The TRIAC (Triode for AC) is a semiconductor device that is commonly used in power regulation and switching applications. It is used in switching, phase control, chopper designs, brilliance control in lights, speed control in fans and motors, and so on. The power control system is intended to regulate the amount of AC or DC distribution. Such power control systems can be used to manually switch electricity to appliances or when temperature or light levels exceed a preset level.
The TRIAC is a three-terminal semiconductor switching device used to regulate the flow of current in a circuit. It is one of the most significant members of the thyristor family; it is a bidirectional device that can carry current in both forward and reverse directions, meaning that it can conduct under both positive and negative gate signal situations.
A TRIAC can be built by connecting two equivalent SCRs in inverse parallel to one another and connecting the gates of the two SCRs together to produce a single gate. The TRIAC symbol consists of three terminals: Main Terminal 1 (MT1), Main Terminal 2 (MT2), and Gate (G).
The TRIAC structure is a four-layer device with six doping areas. The gate terminal is intended to have ohmic contact with both the N and P regions, allowing the device to be activated with both positive and negative polarities.
TRIACs VI Characteristics
As the TRIAC is a bidirectional device, its VI characteristics curve will be in the first and third quadrants of the graph, similar to a Thyristor's VI characteristics. When terminal MT2 is configured to be positive in relation to terminal MT1, the TRIAC will operate in forward blocking mode.
During the initial stage due to the resistance of the TRIAC, there will be a small leakage current flowing through the device as the applied voltage is less than the breakdown voltage. When the voltage is increased to the breakdown voltage, the TRIAC is activated and a large current flows through the device.
Applications of TRIAC
TRIACs are utilized in a wide range of applications, including light dimmers, speed controls for electric fans and other electric motors, and sophisticated computerized control circuits in a wide range of home small and large appliances. They may be used in both AC and DC circuits, but their initial purpose was to replace the need for two SCRs in AC circuits. BT136 and BT139 are two families of TRIACs that are mostly utilized for application purposes.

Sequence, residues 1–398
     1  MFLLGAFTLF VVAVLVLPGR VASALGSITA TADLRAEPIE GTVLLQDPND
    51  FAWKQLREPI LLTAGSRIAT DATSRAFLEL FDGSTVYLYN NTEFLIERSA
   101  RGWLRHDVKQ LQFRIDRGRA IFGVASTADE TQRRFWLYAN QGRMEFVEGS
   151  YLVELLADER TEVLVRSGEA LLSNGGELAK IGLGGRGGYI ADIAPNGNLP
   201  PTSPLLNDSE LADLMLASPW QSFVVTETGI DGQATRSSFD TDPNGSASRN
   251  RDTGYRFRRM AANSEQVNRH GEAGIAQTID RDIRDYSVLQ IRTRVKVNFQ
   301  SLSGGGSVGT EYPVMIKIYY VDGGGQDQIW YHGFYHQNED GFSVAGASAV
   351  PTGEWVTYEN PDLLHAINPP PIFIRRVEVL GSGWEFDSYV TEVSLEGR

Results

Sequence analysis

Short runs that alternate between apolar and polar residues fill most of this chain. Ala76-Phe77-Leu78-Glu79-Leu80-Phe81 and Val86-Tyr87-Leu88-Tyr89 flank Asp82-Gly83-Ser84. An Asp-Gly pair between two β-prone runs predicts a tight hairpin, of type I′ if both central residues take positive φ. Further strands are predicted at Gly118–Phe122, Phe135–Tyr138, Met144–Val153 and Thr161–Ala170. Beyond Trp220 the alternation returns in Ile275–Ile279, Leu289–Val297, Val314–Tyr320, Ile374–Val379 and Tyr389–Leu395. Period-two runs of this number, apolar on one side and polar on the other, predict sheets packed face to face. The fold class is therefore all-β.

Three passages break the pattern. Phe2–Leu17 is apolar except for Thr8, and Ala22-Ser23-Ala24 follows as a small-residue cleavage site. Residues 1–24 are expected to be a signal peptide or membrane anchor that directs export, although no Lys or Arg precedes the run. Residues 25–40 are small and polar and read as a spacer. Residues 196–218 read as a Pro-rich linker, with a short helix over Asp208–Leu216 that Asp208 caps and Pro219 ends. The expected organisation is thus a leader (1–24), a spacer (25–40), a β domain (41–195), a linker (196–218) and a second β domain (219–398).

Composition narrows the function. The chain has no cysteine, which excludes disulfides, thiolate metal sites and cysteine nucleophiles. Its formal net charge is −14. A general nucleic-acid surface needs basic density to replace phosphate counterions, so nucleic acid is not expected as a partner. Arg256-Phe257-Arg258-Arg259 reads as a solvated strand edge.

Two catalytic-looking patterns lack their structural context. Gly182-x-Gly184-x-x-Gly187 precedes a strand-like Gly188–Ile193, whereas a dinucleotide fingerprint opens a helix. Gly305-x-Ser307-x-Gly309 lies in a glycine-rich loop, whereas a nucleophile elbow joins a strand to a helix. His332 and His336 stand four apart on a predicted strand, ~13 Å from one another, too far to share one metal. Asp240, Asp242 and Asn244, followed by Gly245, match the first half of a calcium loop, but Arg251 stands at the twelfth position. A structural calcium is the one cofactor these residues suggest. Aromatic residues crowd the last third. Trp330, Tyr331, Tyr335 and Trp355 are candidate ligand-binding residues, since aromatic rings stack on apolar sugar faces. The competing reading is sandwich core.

TRIAC as a Switching Circuit
This circuit works as follows: if switch one is open, the device acts as an open switch, and the light passes through zero current.
With the help of the current limiting resistor R, the device is in an ON state when the SW1 is closed. The self-latching occurs immediately after the start of each half-cycle, resulting in full switching power to the light load.
This circuit's input supply is sinusoidal alternating current, and the TRIAC automatically unlatches at the conclusion of each half-cycle. As long as the switch is closed, the instantaneous power supply voltage and load current decrease to zero, and it will re-latch it by using the opposite thyristor.
TRIACs as speed controls for electric fans
TRIACs are the components used in controlling the AC signals. They are used in a variety of applications where high-power switching in AC waveforms is required. TRIACs are commonly used in AC dimmer circuits and are extremely useful when attempting to control the speed of a fan or as a dimmer for an AC Lamp.
The BT136 is TRIAC with a 4A maximum terminal current. The gate threshold voltage of the BT136 is also very less so can be driven by digital circuits.
Since TRIACs are bi-directional switching devices they are commonly used for switching AC applications. So if you looking to switch control (dim, speed control) an AC load that consumes less than 6A with a digital device like microcontroller or microprocessor then BT136 might be the right for you.
|Repetitive peak off-state voltage||600 V|
|RMS on-state current||4A|
|Peak gate current||2A|
|Peak gate power||5W|
|Average gate power||0.5W|
|Gate trigger current||10mA|
|Junction temperature||125 °C|
- AC Light dimmers
- AC motor speed control
- Noise coupling circuits
- Controlling AC loads using MCU/MPU
- AC/DC Power control
Common TRIAC with their model number
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